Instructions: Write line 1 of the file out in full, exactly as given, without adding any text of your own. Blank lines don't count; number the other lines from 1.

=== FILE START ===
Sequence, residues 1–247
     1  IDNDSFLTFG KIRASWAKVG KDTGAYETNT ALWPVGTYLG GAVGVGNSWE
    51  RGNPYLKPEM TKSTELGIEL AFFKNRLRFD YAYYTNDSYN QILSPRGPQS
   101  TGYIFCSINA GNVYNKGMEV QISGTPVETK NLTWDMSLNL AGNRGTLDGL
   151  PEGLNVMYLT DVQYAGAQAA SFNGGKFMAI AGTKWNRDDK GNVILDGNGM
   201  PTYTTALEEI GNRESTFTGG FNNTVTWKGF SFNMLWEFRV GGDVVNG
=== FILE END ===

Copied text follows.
Sequence, residues 1–247